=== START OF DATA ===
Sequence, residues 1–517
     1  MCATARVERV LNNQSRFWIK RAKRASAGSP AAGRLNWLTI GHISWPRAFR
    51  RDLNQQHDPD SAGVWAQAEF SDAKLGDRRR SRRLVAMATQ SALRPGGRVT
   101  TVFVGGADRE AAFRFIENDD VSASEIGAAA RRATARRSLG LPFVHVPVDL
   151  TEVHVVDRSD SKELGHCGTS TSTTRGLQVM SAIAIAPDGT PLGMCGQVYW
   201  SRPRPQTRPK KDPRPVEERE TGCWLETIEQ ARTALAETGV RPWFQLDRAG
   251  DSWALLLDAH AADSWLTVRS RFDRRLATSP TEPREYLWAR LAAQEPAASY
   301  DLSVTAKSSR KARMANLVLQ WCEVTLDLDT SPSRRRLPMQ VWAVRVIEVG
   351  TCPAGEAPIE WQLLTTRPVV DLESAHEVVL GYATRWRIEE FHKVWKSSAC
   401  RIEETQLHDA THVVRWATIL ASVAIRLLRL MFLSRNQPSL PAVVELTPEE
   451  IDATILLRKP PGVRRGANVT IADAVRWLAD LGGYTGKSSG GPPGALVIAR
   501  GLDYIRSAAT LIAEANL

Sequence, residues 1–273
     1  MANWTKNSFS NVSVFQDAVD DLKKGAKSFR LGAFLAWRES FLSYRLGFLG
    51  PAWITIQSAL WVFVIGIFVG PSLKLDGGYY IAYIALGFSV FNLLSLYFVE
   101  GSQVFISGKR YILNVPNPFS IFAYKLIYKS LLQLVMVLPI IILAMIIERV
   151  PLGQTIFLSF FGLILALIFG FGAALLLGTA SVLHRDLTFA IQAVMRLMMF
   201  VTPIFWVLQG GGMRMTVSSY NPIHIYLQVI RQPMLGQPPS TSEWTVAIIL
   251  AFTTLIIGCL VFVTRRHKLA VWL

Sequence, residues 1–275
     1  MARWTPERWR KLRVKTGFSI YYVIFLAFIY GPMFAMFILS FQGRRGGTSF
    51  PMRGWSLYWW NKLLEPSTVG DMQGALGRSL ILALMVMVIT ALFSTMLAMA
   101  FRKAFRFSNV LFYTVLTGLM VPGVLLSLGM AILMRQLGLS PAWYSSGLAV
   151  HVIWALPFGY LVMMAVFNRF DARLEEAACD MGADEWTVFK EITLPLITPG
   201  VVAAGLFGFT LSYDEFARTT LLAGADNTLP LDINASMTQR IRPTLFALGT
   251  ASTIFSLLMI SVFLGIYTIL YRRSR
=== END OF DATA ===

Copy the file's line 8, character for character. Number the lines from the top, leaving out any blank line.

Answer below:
   301  DLSVTAKSSR KARMANLVLQ WCEVTLDLDT SPSRRRLPMQ VWAVRVIEVG